By Dave Reardon
I am always impressed with people who successfully reinvent themselves, crushing adversity along the way with persistence.
Phil Roberts, whose last day as a producer at ESPN-1420 (KKEA) was Thursday, has done it twice.
When I first heard Phil's voice on the sports talk station I found it very familiar. It took me a while, but I eventually realized where I'd heard him before: Phil Roberts was Fil Slash, one of my favorite DJs when I used to listen to more music than banter on the radio.
Fil Slash was a cool dude with an edgy persona, working the night shift at KPOI from 1993 to 2005, playing classic rock and — when he could get away with it — other good stuff that wasn't on the corporate play list. To me, Phil Slash was what rock'n'roll was all about.
As often happens in radio despite how good you may be at your job, Fil was let go by KPOI, replaced by an automated show. He really needed another job, so he took what would be considered a downgrade and an entry level position as a board operator at KKEA.
Fil Slash was the front man with his own show at KPOI. Phil Roberts was a behind the scenes guy at KKEA.
"Since I've been in radio so long I'm familiar with all the equipment," Phil said. "And I always liked sports."
Two years ago, he became the producer of the Bobby Curran Show, Monday-to-Friday, 6 a.m. to 9 a.m. It's not an easy task, as it entails booking guests and screening calls in addition to running the board.
Phil excels at securing guests, including some big name ones like columnist Rick Reilly.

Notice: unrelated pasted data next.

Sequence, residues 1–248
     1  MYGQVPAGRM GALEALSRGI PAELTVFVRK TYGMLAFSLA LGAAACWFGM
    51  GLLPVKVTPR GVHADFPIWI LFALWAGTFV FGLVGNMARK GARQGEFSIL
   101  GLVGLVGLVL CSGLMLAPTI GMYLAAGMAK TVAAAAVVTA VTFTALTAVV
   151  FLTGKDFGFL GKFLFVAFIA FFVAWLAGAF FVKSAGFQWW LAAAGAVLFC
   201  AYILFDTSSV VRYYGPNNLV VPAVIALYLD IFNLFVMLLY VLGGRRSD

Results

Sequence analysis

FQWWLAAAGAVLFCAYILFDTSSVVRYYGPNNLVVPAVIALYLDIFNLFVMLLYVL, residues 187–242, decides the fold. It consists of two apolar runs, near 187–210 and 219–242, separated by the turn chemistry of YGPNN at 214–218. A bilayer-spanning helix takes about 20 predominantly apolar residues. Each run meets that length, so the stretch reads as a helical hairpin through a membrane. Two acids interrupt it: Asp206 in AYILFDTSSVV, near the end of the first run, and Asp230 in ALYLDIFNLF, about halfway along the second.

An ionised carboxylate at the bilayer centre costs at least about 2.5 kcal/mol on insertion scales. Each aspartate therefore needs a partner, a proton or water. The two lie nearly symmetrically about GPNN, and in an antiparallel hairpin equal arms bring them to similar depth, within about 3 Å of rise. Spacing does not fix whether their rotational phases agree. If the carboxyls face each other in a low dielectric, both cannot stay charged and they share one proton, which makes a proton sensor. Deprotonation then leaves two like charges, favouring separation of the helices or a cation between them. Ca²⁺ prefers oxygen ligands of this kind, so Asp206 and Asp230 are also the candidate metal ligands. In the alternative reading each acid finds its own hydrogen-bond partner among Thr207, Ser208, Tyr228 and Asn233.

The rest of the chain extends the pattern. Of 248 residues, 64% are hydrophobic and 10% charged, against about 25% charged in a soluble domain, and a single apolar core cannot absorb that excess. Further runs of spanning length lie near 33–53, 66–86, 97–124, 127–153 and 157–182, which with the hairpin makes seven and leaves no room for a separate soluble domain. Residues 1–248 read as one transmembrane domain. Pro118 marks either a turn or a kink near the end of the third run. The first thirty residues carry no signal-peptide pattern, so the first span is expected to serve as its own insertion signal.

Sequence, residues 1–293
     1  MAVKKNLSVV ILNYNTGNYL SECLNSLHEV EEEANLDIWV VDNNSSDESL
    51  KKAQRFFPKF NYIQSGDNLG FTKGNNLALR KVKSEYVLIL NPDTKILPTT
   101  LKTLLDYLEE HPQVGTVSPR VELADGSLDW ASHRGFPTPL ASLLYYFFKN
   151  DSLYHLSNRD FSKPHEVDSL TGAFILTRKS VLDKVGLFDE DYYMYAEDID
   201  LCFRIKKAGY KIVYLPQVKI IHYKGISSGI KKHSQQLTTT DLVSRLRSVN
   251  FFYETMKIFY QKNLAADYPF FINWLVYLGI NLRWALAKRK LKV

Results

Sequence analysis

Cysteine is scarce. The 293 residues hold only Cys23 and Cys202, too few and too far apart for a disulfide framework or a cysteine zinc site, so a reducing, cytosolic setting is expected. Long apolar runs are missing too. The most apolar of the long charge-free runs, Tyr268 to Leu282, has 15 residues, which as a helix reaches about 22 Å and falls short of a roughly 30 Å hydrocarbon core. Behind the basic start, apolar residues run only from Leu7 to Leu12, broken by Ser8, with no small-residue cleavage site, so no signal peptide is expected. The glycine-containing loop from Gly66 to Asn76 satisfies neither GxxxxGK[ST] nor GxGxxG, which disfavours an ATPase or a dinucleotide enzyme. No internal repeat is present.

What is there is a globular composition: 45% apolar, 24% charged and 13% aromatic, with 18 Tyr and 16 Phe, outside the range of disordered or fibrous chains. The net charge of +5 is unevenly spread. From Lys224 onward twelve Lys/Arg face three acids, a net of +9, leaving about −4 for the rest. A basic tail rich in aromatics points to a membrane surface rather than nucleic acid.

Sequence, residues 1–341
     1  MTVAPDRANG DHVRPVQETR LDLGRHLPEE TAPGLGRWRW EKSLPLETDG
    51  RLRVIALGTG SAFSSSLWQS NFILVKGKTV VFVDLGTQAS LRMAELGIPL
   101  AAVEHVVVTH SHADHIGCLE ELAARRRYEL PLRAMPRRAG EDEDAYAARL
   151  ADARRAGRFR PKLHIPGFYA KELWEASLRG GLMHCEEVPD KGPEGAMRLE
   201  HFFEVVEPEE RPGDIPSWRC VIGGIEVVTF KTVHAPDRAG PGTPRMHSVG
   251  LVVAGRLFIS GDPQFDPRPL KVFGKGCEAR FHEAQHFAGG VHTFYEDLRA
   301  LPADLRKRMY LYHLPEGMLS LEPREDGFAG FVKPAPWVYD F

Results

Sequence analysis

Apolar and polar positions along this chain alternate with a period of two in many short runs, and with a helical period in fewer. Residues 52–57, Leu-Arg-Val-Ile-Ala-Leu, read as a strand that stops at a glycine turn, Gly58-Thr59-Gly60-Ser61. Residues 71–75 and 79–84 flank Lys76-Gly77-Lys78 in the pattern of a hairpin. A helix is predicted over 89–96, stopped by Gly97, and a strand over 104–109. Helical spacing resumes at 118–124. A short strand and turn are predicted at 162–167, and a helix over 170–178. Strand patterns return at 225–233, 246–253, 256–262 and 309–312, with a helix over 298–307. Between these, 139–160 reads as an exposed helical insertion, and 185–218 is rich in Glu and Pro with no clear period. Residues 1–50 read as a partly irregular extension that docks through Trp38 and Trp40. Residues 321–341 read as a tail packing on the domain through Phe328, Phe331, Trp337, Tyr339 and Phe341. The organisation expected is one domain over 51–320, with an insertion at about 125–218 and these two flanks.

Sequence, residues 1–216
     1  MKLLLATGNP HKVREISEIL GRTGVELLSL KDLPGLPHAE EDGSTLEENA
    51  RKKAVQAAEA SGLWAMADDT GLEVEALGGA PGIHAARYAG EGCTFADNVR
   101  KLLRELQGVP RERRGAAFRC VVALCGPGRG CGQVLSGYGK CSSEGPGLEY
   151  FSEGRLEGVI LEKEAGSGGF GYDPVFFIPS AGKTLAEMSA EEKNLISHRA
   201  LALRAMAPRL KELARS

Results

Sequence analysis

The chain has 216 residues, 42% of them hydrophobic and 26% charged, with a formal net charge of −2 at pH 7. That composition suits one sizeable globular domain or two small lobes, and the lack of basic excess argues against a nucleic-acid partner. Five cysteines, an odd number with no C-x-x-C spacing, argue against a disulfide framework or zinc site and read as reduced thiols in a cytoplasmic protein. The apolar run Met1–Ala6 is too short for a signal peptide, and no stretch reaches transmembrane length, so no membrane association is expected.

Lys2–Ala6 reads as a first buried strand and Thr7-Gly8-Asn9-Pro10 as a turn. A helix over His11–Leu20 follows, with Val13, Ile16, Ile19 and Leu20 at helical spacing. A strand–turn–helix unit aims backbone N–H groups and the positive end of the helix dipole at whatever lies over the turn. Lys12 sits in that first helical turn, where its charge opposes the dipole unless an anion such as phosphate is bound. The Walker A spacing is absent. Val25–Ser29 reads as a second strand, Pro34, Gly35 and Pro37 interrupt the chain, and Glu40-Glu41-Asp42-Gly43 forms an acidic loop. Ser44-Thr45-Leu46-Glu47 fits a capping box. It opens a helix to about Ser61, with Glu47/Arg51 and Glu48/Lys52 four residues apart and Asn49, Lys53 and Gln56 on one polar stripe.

"He's the best guest-getter, best producer I've ever had," Bobby said. "Tough shoes to fill."
The two have a good chemistry.
"Bobby helps me immensely by telling me what he wants," Phil said. "Another favorite guest is Mike Pesca of NPR because he and Bobby always have great discussions."
Program director and "Sports Animals" host Chris Hart is also a former DJ, so he knows that even if you consider yourself a sports fan there's a learning curve to being a successful sports media professional. He said Phil learned quickly, but his best attribute was dependability.
"He already had radio experience, so that was good. That helped him hit the ground running," Chris said. "Phil also has a quality that is surprisingly hard to find in the work force today: consistency. He never called in sick once and he was late just once. Since he's the first one in in the morning that sets a good tone for the entire day. To have a guy who is that dependable is rare."
"Chris and Bobby saved me by giving me a chance," Phil said. "They hired me when no one else would."
Phil is also a published author. "Waikiki Tiki: Art, History and Photographs" is in its second printing, and Phil is working on volume two. But that's not why he's leaving his job.
"It must be love," he says, and it is. Phil, at age 50, is getting married to Marcella Lee, a woman he dated in the 1990s and recently reunited with.
Phil also gives free tours in Waikiki for people interested in tiki. The last one before he leaves for the mainland next week is 3:30 p.m. today (Friday), starting at the entrance of King's Village.
Phil has certainly lived up to the moniker of "Slash," in terms of versatility: DJ/producer/author. Soon he will add "husband."
We've become friends over the past two years. I will miss him, and I think even though his contributions may seem small the Hawaii sports community will, also. But mostly I am proud of Phil and happy for him.